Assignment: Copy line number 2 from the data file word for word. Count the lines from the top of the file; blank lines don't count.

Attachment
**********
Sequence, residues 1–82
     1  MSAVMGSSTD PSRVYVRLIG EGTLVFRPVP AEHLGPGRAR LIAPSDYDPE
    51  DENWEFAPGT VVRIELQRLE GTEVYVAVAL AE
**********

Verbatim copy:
     1  MSAVMGSSTD PSRVYVRLIG EGTLVFRPVP AEHLGPGRAR LIAPSDYDPE